• For efficiency, the network memory buffer pool uses fixed buffer sizes of various ranges. Depending on the size of packets, a different sized memory buffer is used. In some cases the memory buffer used may be bigger than the network data packet. The actual memory consumed in the network stack may be bigger than the size of data received by the application (for example as obtained by querying amount of data in the socket receive buffer).

  2. Guidelines For All HTTP Network Applications

    We recommend the application which does HTTP data transfer to use Libcurl in Cafe SDK because it handles HTTP packets with stored network setting in the system automatically.

    It is allowed to perform HTTP data transfer in the application's own way (e.g. using Libcurl which is not provided by Cafe SDK). But such the application is required to apply proxy setting which is stored in the NAND before starting data transfer. The system stores following proxy information in the NAND.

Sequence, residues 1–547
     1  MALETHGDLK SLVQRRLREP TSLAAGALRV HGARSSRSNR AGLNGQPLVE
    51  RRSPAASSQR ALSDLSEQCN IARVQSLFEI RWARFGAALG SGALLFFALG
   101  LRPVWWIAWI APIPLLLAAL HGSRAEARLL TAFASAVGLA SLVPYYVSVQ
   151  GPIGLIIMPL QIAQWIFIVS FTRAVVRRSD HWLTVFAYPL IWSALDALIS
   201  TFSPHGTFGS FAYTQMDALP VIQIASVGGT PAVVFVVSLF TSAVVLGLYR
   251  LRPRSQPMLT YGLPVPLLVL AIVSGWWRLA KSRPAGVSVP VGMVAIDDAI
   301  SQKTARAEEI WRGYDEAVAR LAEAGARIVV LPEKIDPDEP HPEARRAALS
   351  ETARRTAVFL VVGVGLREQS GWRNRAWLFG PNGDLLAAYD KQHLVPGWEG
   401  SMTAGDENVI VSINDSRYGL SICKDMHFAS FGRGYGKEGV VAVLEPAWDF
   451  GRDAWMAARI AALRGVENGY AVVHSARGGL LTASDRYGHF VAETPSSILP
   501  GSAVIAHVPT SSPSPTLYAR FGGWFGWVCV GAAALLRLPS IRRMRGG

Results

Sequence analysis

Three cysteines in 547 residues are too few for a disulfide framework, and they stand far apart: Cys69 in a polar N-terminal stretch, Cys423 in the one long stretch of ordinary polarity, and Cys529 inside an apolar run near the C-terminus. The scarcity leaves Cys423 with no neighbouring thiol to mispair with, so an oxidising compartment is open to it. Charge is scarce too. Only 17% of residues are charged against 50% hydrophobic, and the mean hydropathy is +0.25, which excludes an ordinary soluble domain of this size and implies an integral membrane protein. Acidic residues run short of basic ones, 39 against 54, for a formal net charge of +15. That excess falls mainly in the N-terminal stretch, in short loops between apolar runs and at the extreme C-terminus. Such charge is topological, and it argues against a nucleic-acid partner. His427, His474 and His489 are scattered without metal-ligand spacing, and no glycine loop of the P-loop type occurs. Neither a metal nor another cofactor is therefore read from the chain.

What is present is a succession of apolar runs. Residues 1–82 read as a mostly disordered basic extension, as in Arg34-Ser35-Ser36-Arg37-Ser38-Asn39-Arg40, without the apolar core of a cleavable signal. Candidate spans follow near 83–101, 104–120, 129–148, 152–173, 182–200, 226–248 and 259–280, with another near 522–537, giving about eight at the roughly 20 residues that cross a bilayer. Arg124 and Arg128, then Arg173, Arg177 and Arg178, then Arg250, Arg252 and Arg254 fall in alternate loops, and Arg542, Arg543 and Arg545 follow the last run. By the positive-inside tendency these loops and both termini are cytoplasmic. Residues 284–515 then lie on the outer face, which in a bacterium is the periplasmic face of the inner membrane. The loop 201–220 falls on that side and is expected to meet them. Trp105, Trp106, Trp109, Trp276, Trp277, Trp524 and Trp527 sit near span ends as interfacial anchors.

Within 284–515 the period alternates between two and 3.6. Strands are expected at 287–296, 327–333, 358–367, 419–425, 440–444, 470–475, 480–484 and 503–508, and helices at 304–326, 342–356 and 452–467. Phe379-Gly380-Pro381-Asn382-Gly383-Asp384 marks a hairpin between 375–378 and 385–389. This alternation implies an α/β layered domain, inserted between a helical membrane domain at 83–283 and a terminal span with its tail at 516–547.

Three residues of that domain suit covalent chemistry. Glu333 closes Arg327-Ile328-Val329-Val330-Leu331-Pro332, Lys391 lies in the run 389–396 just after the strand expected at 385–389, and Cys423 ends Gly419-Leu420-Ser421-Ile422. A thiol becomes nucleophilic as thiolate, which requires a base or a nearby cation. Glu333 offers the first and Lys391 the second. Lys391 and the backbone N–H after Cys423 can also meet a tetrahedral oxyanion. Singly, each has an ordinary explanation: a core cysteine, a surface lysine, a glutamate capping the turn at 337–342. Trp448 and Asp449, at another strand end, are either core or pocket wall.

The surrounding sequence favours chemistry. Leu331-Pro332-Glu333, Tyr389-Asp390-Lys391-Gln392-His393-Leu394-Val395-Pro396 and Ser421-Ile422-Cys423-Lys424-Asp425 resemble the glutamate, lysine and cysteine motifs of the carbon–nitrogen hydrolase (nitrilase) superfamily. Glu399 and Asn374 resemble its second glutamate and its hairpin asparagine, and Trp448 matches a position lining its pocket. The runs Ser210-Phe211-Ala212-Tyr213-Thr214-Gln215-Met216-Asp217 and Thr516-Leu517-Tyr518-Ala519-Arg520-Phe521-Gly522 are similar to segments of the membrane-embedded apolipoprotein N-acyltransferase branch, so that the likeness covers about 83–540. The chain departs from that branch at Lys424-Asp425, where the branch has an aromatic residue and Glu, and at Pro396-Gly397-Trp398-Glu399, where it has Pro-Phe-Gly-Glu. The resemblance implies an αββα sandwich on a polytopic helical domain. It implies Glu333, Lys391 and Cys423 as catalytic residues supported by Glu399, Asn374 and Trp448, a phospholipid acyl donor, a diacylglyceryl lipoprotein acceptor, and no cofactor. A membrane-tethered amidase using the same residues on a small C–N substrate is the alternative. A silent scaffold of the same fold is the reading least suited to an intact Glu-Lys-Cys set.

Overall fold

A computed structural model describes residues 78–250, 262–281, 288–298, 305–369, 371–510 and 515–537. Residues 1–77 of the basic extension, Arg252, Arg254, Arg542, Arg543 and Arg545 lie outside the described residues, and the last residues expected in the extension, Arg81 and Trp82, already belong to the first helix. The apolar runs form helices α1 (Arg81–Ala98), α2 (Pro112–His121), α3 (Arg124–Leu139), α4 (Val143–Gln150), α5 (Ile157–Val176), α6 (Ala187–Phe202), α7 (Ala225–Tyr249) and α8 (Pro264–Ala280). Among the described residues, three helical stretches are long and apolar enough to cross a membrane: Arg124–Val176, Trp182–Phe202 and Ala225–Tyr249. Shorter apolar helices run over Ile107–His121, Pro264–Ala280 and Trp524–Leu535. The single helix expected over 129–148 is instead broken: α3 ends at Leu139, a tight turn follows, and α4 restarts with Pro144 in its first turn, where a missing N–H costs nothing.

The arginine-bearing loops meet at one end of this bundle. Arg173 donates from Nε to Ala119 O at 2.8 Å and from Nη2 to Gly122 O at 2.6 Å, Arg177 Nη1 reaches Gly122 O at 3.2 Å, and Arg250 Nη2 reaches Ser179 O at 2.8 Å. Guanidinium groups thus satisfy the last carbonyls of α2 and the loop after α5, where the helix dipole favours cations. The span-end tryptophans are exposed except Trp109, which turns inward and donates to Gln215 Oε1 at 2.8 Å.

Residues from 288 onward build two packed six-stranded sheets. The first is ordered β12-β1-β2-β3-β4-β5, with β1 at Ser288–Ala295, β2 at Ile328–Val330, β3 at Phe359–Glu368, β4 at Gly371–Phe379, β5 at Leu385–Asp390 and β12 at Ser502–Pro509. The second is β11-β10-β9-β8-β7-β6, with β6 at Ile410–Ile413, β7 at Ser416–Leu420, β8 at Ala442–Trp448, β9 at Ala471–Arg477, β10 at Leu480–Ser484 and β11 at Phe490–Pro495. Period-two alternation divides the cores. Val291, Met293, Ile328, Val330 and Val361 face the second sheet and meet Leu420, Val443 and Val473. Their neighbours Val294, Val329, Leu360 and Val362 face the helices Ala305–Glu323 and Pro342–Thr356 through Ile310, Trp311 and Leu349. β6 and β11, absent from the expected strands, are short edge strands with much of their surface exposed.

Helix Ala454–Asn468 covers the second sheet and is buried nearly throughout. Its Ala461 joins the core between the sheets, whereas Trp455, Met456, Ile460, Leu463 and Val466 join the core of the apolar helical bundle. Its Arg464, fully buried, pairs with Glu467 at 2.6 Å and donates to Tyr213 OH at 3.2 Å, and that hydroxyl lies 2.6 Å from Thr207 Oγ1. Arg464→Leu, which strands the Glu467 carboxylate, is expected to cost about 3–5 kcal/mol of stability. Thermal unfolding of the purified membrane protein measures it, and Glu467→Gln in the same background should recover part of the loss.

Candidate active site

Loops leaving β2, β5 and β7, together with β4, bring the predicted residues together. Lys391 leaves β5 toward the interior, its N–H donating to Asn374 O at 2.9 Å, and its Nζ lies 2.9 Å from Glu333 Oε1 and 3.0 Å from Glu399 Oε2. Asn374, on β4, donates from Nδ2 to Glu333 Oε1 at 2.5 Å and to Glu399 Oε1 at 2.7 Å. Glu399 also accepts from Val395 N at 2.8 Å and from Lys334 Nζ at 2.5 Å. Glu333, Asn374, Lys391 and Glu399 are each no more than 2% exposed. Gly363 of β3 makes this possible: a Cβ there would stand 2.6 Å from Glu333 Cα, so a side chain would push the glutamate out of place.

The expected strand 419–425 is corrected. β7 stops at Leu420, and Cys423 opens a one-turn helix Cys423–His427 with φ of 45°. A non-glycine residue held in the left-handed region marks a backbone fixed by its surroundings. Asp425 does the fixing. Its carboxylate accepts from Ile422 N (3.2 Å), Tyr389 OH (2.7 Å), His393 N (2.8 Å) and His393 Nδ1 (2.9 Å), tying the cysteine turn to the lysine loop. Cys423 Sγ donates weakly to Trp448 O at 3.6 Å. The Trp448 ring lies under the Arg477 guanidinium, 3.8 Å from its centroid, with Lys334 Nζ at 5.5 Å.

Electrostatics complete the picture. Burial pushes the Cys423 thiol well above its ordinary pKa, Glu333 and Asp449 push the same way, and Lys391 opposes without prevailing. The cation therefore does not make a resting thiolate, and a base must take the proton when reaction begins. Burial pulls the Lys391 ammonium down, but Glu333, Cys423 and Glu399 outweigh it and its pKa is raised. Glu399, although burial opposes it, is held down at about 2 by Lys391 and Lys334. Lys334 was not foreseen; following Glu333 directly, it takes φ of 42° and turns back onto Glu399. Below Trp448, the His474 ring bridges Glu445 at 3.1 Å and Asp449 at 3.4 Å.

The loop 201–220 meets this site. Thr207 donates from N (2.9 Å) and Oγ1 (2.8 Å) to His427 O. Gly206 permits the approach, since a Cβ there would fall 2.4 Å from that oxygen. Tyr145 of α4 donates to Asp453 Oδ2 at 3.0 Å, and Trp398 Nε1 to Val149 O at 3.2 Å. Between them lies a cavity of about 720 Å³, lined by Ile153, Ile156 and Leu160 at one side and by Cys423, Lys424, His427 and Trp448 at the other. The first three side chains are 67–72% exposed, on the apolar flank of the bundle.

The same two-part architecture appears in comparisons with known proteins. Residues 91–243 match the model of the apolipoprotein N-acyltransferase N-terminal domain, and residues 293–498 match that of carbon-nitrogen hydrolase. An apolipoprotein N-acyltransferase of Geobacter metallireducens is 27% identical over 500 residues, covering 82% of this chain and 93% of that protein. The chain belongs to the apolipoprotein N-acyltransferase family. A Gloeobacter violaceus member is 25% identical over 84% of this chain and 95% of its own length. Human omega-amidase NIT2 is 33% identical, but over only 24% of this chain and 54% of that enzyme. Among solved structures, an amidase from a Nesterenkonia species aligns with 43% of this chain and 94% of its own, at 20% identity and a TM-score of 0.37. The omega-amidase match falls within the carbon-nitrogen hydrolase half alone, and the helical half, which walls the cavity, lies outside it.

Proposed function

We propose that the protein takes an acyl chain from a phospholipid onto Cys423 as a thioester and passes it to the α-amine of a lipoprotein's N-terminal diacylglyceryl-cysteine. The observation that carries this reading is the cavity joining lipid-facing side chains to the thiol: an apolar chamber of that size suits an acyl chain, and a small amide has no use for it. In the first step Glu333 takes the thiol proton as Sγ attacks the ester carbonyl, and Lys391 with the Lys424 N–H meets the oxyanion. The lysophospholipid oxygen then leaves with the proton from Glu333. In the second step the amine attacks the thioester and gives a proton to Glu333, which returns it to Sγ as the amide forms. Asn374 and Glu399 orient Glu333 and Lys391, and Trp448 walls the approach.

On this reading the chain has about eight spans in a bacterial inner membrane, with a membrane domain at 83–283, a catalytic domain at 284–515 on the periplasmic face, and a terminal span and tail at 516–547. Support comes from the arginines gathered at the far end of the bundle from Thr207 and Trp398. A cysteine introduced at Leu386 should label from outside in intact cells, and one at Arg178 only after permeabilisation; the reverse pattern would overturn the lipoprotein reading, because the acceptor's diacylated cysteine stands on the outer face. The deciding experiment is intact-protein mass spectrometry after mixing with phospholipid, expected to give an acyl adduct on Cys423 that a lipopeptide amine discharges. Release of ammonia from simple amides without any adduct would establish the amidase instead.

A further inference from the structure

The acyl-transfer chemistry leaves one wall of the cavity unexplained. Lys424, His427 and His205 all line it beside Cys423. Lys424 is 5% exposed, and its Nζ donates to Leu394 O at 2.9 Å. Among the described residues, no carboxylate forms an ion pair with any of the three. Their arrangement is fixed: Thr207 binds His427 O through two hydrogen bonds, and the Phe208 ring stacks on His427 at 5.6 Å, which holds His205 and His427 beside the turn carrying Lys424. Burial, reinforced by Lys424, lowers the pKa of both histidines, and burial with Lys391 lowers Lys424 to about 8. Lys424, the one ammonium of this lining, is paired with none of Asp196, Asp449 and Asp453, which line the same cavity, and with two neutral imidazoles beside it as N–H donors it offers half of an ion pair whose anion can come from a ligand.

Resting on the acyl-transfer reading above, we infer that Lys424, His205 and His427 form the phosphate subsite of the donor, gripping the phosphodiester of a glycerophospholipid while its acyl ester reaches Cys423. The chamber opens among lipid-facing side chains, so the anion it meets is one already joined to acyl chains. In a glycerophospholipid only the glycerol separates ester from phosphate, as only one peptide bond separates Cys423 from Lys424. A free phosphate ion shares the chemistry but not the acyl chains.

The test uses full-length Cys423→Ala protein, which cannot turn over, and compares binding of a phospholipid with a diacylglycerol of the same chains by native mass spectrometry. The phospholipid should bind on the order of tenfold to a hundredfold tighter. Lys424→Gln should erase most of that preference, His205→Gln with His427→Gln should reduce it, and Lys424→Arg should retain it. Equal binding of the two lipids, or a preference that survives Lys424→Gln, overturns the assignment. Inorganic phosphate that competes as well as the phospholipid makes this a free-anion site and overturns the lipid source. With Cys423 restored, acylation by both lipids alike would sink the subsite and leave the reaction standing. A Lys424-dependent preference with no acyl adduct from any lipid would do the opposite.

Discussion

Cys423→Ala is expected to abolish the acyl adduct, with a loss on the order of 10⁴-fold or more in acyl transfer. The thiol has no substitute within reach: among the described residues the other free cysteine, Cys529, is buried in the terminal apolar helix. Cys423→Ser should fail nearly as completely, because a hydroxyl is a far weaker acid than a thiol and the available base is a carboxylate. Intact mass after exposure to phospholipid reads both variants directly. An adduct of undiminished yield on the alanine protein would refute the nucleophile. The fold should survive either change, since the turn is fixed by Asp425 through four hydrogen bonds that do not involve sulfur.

• The flag which indicates whether use proxy or not
    • Proxy server address
    • No proxy addresses
    • Proxy port number
    • Proxy authentication method
    • User name for the proxy authentication
    • Password for the proxy authentication

    These information have to be applied before starting HTTP data transfer because Wii U users can configure proxy setting in Wii U menu and expects it gets applied for all the HTTP data transfers.


    The application can obtain proxy setting with nn::Result nn::ac::GetStartupId and nn::Result nn::ac::ReadConfig APIs. Here are the steps for obtaining proxy setting.

    • Read startup profile ID by nn::Result nn::ac::GetStartupId API
    • Read network configuration by nn::Result nn::ac::ReadConfig API
      • The ID obtained by nn::ac::GetStartupId must be specified to the argument of this function
    • Call nn::ac::GetProxyUse with obtained network configuration above to see if proxy is enabled
      • If nn::ac::GetProxyUse returns AC_PROXY_STATE_DISABLE, then the application does not have to do anything because proxy is disabled